Pat Kane: Encounters inside Europe, seeking answers from beyond

In my role as part mediator, part blogger of this Hera conference, I have tailored some questions to the themes that are structuring your conference sessions on October 1st.

Again, I come at them as a journalist, entrepreneur and civic activist – educated in the humanities in the 80s, but having travelled sinuously through them (and beyond them) ever since. I have some stand-up, edge-of-the-public-square questions for you, requiring some kind of answer.

Here is one, responding to the academics and topics gathered under the title: Encounters Inside and Beyond Europe. Call it a “question from Citizen Kane”:

How can humanities help me think of Europe as more than just giant bureaucracy, difficult politics and even scarier economics? Could I ever get to something like an effective European identity, where I ‘feel’ European? Or is the place too complex for that to ever be credible?

Dwelling on this unwinds such a skein of memories, readings and positions in me. I was the son of a railway clerk in Scotland: yet one of the perks of my father being a British Rail employee was free travel across the European train network, which we used, throughout the seventies, to holiday in Italy.

My mother had some Italian background, from some WWII entanglements, on her own mothers’ side. So these Italy trips were means whereby my mother might exercise (and maybe exorcise) her “Neapolitan” (not Italian) speaking skills – and my father indulge his Sinatra/Mastrioanni-based love of Italian male style.

But what I remember most on these trips was the collective midnight wake-up in the couchette train carriage – the family gathering round the window, to look at the Alps, appearing intermittently as the train tunnelled its way through the Swiss mountains. If I think of Europe, not only do I think of these aspirant working-class journeys, but also of the sheer physicality, the spectral beauty, of these mountains.

A sublimity that was fleetingly experienced, but facilitated by the continential solidarity of railway workers, enabling ordinary familiies to affordably traverse the landmass. Cultural encounters, ramifying through all levels.

Another European intensity for me: doing promotions and tours in the late 80s and early 90s for my pop band, By this time, Habermas, Adorno and Bauman were all in the tour satchel, an anchor to the performances.

Habermas with his “constitutional patriotism” asserted over any ethnic notion of national identity; Adorno’s Minima Moralia hypnotising me with its heavy, post-Holocaust wit and coils of logic; Bauman’sModernity and the Holocaust stunning me with its sociological clarity about how continuous, rather than discontinous, we rational moderns might be with the depradations of Nazism.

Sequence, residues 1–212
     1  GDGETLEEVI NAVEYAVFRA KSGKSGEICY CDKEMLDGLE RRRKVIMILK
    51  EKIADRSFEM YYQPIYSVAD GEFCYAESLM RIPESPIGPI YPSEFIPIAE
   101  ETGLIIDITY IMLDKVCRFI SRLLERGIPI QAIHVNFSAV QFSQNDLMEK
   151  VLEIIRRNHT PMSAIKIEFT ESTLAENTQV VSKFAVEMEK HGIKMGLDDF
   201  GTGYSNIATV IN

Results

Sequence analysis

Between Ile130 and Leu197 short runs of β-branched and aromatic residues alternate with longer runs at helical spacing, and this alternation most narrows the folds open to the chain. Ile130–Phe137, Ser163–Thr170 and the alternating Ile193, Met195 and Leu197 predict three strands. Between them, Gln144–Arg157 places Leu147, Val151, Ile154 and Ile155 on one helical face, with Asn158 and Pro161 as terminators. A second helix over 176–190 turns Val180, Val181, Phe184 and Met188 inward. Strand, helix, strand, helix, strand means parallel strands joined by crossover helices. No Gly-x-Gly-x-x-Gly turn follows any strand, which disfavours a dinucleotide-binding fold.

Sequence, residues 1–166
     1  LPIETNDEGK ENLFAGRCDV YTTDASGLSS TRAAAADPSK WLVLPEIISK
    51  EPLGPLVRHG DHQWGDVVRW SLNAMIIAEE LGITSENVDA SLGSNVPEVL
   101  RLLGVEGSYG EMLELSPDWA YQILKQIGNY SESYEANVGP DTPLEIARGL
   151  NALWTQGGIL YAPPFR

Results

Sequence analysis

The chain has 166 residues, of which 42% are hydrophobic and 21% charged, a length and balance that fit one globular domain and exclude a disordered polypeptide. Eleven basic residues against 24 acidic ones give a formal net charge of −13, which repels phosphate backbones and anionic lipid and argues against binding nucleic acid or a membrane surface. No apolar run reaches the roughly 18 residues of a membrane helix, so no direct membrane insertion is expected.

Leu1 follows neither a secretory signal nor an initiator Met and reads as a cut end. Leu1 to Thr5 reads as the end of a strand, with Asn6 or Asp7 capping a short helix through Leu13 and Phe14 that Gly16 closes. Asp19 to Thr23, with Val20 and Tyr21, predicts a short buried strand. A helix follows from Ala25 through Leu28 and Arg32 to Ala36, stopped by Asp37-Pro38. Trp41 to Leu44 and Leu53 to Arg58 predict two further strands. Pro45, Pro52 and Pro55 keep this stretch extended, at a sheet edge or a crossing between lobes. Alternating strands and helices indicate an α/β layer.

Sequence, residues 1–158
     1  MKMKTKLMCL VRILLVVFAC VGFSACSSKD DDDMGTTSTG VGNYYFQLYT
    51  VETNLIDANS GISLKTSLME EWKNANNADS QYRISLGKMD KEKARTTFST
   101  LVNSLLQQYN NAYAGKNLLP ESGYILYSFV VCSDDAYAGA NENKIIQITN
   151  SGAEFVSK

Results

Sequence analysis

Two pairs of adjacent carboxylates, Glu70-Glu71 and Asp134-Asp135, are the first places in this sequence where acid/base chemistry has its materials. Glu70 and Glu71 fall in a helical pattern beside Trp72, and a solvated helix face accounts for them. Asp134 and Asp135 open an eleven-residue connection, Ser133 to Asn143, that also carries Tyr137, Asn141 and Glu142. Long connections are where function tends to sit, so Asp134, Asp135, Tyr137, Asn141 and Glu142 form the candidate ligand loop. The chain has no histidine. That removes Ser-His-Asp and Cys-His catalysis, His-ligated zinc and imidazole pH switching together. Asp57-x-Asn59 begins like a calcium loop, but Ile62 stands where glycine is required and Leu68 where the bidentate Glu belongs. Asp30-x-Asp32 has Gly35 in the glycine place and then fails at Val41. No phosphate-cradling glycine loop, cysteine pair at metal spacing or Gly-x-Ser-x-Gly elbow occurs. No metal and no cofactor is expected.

But between the readings, jaunts through German, Italian and Dutch television studios; a sense, in the early days of the MTV-era, that there were powerful forces at work looking to homogenize, or at best merely localize, a culture of “stardom” and “virtuosity” that would easily span Europe. (I was also reading Frederic Jameson on postmodernism, and didn’t forget his apothegm: “where you see the proliferating term ‘media’, what it really means is ‘money’”)

Yet in terms of cultural encounters, many conversations face-to-face, across a dinner table, that implied a teeming underworld of historical experience.

A dignified German doctor on an ICE-train, fielding my blunt questions about historical guilt with grace and precision. An Italian press-girl, suddenly going silent and red as I asked her about the “Red Terror” of the Italian 70s, and quietly stating that she knew many who were “still unfairly behind bars”.

Standing with some poles in Warsaw, as we prepared to play at a concert titled SOPOT, after the mnemonic “Stamp Our Piracy Our Task”, watching Gorbachev being marched down some plane steps by Soviet soldiers. Are you concerned, I asked? “Nothing to do with us”, came the minder’s reply.

Personal testimony, of course. But I am genuinely interested in your research track, “Encounters Inside and Outside Europe”, because my own “European” identity seems to be very much “inside”. Perhaps it has stretched to the post-Soviet societies, or investigated stateless nations like Catalonia (or Scotland), or wondered where “Scandinavia” meets “Russia” in a European context.

But the point at which the boundaries of Europe shade, spectrum and blur into some other centre of cultural gravity is probably where there is most to gain, from your scholarly labours, in terms of enriching public understanding about Europe.

So to me, it seems there are huge stakes, both political and intellectual, in my opening question. Is the “feel” of being European, at the very least, a “constellation” (to use one of Adorno’s favourite terms) of emotions and values – the very principle of a complex, never-completed understanding of the world? Europe at best a “process”, never a completed “event”?

And yet, and yet. Might this same sophistication of, and about, identity be the best environment in which extraordinary new public institutions could be constructed – platforms for the healthy, developmental unfolding of differences and intensities?

Is the very difficulty of Europe as a concept what makes it so fertile and generative of societal reform? Or is all that reform potential to be lost, in the rueful aftermath of a storm of financial fundamentalism?

You have your research to do – but I sense there’s more to your interests in European cultural encounters than the undoubted intrinsic virtues of scholarship. Let me hear them, in comments below.